Most students in the Philadelphia region will return to school in person next week after a handful of districts had considered a shift to remote learning amid a troubling surge of coronavirus cases.

Several districts in New Jersey — including Camden City School District and Pennsauken Public Schools — told parents earlier this week that students would begin the January term learning virtually due to a wave of new infections, partly driven by the highly transmissible omicron variant.

Some districts in the Philadelphia suburbs warned parents they were also considering a move to online learning but ultimately decided to bring back students. More than a dozen district leaders in Montgomery County met with county health officials Thursday during a regularly scheduled meeting to review infection data and either reassured parents that students will return in person or hadn’t changed course as of Friday.

Cheltenham School District Superintendent Brian W. Scriven told families in a letter Thursday that after considering a move to virtual, the district decided students would return to school buildings Monday. He also extended a mask mandate through the end of the school year.

The winter surge of coronavirus cases has presented a new challenge for school districts that are largely left to decide for themselves how to mitigate the spread of the virus and whether to pause in-person instruction when infection rates spike. The decisions are also made amid the backdrop of nearly two years of the nationwide controversy over virtual learning and school reopening policies.

In messages to parents, some districts noted that case numbers in their areas have skyrocketed and outlined contingency plans. Wallingford-Swarthmore School District Superintendent Wagner Marseille wrote to parents Thursday that students would return in person but noted: “Last week our positive numbers grew exponentially and I anticipate we will continue to see those numbers rise during the first two weeks of our return in the new year.”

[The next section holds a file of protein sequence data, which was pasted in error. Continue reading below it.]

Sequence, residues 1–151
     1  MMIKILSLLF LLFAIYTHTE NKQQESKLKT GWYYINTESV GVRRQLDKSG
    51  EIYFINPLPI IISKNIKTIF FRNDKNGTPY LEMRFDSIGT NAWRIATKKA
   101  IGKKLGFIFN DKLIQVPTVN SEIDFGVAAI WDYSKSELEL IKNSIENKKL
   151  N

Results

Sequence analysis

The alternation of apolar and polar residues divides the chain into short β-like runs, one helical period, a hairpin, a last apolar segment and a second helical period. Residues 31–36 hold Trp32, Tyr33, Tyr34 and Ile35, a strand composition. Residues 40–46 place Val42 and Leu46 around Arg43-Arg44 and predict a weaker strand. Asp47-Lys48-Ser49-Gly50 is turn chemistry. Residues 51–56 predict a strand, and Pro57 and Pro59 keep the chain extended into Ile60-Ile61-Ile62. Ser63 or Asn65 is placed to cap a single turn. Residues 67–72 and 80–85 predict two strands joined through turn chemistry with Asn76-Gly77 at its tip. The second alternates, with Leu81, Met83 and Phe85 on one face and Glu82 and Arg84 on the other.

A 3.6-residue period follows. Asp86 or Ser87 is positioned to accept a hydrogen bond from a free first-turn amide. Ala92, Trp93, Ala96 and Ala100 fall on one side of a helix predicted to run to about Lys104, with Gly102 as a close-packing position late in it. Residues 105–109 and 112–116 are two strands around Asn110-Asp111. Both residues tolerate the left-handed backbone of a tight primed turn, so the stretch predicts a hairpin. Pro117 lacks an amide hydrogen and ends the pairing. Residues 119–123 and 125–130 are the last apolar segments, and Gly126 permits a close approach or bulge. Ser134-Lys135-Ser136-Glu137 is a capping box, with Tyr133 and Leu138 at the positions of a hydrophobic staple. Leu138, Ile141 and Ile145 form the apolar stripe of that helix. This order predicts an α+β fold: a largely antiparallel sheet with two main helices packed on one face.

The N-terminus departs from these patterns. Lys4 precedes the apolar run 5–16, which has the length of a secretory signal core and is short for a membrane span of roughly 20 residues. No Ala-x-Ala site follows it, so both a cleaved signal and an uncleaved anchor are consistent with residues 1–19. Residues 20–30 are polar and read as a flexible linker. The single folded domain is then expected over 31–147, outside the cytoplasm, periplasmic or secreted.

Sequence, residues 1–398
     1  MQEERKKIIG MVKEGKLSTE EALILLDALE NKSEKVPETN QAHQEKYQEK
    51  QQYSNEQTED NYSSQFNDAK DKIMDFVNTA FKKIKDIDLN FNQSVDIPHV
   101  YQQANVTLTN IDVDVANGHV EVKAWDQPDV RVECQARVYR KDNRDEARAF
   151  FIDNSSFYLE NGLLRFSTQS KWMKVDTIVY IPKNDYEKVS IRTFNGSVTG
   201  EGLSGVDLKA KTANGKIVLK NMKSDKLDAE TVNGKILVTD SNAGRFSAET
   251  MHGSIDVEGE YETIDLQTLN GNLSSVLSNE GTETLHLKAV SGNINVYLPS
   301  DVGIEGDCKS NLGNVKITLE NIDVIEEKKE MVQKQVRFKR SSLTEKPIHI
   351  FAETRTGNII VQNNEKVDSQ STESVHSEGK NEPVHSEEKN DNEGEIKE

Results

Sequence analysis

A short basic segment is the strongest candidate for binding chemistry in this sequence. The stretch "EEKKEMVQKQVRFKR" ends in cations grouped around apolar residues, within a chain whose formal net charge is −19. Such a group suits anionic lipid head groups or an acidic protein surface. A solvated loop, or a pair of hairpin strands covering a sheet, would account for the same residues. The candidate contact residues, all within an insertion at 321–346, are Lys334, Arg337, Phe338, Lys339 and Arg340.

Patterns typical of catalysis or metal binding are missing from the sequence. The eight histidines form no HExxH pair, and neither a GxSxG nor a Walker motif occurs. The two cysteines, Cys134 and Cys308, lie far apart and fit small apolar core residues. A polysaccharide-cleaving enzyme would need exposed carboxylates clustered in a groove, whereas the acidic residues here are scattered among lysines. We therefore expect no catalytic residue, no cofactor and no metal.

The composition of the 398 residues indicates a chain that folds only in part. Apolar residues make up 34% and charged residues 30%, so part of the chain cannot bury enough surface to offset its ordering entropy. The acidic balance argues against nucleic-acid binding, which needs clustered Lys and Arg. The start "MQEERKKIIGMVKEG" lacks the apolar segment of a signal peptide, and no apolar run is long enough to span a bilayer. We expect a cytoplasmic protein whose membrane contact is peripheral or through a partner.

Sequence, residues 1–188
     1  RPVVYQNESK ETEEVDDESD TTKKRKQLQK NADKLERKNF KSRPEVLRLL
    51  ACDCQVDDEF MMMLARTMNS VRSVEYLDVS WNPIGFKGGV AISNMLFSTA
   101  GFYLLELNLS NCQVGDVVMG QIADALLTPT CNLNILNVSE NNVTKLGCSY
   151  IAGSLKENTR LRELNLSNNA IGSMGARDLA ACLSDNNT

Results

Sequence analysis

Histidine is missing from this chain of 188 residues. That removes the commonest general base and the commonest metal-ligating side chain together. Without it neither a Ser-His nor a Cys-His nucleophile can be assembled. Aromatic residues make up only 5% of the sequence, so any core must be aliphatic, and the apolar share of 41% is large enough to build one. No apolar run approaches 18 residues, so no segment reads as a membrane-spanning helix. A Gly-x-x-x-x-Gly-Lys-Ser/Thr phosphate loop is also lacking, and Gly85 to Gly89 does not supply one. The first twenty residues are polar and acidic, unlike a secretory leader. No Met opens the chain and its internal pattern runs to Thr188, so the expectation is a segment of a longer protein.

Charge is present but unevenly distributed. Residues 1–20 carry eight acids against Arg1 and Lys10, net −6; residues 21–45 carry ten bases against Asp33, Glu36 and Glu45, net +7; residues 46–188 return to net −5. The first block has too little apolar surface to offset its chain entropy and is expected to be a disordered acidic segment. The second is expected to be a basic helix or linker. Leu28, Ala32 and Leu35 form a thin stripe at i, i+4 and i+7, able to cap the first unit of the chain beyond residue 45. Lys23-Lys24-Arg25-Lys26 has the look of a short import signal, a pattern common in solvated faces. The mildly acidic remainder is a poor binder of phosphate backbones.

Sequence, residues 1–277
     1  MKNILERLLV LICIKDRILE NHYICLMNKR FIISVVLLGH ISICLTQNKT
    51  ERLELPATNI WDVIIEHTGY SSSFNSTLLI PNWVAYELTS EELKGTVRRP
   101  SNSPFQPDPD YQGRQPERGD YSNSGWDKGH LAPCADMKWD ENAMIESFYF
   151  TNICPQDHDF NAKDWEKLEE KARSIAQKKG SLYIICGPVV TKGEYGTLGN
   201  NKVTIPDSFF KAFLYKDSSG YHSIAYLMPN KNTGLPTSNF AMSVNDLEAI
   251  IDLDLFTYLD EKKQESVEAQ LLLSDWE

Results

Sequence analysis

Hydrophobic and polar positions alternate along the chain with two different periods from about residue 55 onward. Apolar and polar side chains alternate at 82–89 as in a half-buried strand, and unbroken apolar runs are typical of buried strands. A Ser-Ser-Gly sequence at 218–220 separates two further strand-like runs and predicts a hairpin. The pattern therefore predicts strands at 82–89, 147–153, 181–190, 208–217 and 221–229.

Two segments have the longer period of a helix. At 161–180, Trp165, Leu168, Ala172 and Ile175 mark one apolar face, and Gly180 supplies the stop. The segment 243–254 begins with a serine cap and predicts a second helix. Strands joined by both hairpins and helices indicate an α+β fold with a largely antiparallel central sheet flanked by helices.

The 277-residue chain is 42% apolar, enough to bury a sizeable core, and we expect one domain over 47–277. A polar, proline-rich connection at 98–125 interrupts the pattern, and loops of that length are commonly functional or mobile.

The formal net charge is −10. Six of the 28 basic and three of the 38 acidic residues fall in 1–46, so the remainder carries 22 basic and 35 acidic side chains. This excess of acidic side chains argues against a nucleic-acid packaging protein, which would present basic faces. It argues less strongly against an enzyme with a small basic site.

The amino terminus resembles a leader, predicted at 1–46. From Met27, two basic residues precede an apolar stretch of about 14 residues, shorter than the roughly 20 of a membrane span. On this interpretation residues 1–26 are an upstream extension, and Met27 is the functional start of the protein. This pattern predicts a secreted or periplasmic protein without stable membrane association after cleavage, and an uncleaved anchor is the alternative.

Chester-Upland School District Superintendent Craig L. Parkinson pleaded with parents to get eligible students vaccinated against COVID-19. He wrote to families that while students would return next week in person, all will be asked to take home their electronic devices each night in case the district elects to pause in-person learning for a week or two.

“We have a greater chance to avoid this,” he said, “with more students being vaccinated.”

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The decisions to bring students back in person is in line with plans laid out this week by other large school systems.

Both the School District of Philadelphia and the Archdiocese of Philadelphia intend to educate students in person and have mask mandates in place. Major systems in other cities made similar announcements, including New York City Public Schools, which earlier this week said it would bring back students and dramatically ramp up its testing protocol to avoid quarantining entire classrooms after a positive test.

While most schools have access to some rapid antigen tests, the supply is not unlimited and districts are tailoring their testing plans accordingly. Most do not have the supply to test all staff and students regularly.

In Chester County, Tredyffrin/ Easttown School District Superintendent Richard Gusick noted the shortage in his letter to families, writing schools would limit testing to symptomatic individuals, their close in-school contacts, and those who need to test negative to end a quarantine and return to school or work.

He said a mask mandate would remain in place, and school officials would continue to work with health authorities as the district reviews its safety plans.